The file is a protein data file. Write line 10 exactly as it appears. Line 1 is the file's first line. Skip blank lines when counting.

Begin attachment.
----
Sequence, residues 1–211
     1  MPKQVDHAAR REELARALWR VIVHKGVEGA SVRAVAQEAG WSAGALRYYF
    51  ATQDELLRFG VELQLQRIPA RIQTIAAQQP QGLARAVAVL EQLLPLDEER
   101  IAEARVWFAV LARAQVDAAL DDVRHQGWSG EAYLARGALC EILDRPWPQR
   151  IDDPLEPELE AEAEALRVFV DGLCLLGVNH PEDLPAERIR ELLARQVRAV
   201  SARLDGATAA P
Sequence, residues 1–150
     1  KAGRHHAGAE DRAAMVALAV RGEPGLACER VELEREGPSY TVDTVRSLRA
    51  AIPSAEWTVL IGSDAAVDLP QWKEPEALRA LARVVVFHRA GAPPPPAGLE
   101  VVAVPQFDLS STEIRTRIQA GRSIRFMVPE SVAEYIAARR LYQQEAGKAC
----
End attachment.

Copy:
   101  VVAVPQFDLS STEIRTRIQA GRSIRFMVPE SVAEYIAARR LYQQEAGKAC